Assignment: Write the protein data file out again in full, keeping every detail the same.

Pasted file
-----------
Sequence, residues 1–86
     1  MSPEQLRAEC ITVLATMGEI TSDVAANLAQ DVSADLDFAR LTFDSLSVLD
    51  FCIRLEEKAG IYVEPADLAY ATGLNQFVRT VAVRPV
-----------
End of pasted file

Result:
Sequence, residues 1–86
     1  MSPEQLRAEC ITVLATMGEI TSDVAANLAQ DVSADLDFAR LTFDSLSVLD
    51  FCIRLEEKAG IYVEPADLAY ATGLNQFVRT VAVRPV